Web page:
Kathryn Lopez

Two dissenting judges voiced that in the case of the registrar, she deserved to keep her job because no one was turned away on account of her exercise of conscience --there were others there who could do the job. But the constriction of thought infects even the dissenters. The registrar's claim is a light one, they contend, because she is not operating in a clearly religious context. If a priest were the one refusing, the objection would be a much clearer case, they offered.

The situation in the U.K. could and should be a cautionary tale for us.

"Religious freedom in Britain is in an extremely weak position," Paul Diamond, one of the lawyers involved in the cases mentioned. He attributes the situation to "a combination of aggressive secularism ... and significant demographic changes." Despite the high Christian pomp of the recent royal wedding, the British are immersed in a "progressive" campaign toward pushing Judeo-Christian values from the public square, he emphasizes.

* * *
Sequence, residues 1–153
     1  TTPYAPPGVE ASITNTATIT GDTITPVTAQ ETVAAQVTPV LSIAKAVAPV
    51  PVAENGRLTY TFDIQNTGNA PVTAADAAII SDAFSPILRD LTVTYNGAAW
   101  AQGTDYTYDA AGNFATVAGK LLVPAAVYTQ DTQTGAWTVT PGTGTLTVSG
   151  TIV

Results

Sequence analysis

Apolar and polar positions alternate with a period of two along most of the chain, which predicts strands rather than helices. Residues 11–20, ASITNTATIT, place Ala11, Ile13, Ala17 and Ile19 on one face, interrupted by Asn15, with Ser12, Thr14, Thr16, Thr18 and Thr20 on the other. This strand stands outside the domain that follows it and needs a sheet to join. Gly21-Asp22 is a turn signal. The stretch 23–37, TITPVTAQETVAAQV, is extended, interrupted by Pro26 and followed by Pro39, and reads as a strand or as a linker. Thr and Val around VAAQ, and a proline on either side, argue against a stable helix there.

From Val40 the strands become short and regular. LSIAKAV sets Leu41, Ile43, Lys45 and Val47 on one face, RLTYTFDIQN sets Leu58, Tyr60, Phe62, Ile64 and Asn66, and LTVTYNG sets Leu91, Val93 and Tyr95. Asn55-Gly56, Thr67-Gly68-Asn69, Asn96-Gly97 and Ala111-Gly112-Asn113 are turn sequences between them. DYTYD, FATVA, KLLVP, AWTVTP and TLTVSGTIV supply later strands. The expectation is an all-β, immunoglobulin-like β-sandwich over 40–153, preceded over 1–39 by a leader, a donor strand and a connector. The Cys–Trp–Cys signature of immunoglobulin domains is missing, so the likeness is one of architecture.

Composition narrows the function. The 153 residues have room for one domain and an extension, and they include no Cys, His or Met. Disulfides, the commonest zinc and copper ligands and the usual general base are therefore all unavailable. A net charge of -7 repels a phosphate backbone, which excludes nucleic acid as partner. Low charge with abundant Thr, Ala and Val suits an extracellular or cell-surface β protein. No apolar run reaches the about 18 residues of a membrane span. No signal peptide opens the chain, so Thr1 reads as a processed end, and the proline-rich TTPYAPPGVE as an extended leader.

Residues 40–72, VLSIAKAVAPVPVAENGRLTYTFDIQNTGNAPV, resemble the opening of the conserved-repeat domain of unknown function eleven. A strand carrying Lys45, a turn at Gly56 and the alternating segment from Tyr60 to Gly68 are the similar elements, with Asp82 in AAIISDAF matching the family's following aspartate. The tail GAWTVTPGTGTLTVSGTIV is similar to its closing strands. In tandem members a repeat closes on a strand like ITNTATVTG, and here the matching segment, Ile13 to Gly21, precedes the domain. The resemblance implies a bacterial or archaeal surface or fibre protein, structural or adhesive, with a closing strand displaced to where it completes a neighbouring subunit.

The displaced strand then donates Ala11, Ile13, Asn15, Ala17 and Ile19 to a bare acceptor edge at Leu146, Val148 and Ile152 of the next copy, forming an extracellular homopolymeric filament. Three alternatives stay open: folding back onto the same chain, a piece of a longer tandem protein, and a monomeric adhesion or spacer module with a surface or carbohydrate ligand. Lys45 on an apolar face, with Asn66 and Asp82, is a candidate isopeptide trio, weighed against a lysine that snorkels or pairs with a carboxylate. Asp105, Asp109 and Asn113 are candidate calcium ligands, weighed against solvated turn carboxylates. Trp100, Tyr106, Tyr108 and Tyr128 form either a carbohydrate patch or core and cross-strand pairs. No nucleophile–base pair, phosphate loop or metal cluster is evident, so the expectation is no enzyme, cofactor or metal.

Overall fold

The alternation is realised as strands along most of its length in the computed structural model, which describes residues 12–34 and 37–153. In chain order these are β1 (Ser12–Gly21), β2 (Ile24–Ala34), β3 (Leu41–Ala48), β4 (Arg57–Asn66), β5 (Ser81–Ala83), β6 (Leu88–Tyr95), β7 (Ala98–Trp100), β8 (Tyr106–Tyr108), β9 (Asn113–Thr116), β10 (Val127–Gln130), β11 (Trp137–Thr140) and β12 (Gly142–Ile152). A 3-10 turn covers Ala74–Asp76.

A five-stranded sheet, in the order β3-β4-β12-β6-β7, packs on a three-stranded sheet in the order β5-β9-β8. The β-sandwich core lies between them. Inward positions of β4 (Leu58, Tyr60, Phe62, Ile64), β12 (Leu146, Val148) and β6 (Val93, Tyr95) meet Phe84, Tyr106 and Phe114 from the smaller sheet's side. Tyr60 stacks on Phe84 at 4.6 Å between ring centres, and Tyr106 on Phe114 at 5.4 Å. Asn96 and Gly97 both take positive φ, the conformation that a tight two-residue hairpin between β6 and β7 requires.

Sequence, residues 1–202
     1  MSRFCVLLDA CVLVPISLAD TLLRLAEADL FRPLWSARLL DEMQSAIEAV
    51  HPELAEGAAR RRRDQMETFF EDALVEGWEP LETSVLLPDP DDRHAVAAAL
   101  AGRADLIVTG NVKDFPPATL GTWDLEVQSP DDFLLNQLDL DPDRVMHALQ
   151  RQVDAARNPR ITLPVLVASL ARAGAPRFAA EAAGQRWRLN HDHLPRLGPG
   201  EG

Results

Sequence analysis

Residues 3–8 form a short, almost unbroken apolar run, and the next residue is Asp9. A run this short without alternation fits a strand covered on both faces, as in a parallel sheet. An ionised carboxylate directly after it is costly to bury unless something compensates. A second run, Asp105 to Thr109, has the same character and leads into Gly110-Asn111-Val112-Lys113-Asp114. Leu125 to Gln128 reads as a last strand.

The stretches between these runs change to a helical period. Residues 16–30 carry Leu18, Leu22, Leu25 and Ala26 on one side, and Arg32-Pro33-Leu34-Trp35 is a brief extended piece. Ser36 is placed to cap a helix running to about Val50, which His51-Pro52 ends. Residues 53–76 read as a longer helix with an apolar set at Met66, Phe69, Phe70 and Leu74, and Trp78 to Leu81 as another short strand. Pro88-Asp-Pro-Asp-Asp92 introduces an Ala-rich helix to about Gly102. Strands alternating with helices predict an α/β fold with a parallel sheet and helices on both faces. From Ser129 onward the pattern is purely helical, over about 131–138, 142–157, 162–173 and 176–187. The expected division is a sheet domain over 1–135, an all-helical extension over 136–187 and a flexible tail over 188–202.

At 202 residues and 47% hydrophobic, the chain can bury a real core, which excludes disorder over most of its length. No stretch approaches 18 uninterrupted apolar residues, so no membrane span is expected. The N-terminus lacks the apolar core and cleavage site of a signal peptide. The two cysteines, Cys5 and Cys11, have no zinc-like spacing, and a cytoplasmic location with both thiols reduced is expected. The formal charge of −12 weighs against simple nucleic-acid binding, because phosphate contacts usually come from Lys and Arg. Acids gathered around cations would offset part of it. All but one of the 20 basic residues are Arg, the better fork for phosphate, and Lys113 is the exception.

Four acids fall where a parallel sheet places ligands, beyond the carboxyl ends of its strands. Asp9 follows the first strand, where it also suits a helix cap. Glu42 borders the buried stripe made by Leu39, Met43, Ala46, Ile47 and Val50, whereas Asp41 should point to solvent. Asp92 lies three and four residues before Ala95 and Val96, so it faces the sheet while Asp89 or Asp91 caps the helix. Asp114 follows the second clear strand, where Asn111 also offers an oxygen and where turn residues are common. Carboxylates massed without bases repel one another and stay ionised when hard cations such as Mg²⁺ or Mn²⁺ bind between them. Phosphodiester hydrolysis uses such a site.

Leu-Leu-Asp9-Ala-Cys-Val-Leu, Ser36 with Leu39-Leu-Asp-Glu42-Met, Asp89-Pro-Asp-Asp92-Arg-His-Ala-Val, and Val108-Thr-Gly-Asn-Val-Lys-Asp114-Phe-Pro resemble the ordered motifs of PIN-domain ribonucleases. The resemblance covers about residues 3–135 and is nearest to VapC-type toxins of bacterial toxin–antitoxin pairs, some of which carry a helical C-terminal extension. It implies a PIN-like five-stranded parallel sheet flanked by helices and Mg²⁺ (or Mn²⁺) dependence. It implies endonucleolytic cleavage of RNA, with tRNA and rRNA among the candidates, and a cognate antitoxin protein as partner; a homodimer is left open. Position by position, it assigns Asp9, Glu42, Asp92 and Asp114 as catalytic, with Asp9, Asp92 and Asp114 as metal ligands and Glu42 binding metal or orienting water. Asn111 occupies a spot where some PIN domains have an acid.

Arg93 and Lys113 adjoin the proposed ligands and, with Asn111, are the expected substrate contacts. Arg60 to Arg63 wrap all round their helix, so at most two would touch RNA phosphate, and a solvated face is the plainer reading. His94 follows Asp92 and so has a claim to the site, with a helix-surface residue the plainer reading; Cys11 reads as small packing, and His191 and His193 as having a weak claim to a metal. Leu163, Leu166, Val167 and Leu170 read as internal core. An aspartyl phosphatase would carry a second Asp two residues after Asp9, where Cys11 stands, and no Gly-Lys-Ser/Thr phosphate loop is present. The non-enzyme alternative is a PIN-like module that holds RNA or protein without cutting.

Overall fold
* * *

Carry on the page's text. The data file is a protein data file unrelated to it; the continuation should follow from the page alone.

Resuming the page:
Diamond's "wakeup call" was a 2001 case he was "personally horrified" by, in which an elderly street preacher with a placard that read "Jesus Gives Peace, Jesus is Alive, Stop Immorality, Stop Homosexuality, Stop Lesbianism, Jesus is Lord" was attacked by a crowd and subsequently arrested and fined for incitement. This is not what civilized people do.

These misunderstandings of words and ideas are not new, but we slouch closer toward tyranny with each one -- especially as they become more official and coercive. Diamond is hopeful for Americans, citing our "robust" commitment to that which has made us exceptional. This last election indicates there are miles to go if we are going to meet his admiring expectations.

Kathryn Lopez

Kathryn Jean Lopez, editor of National Review Online, writes a weekly column of conservative political and social commentary for Newspaper Enterprise Association.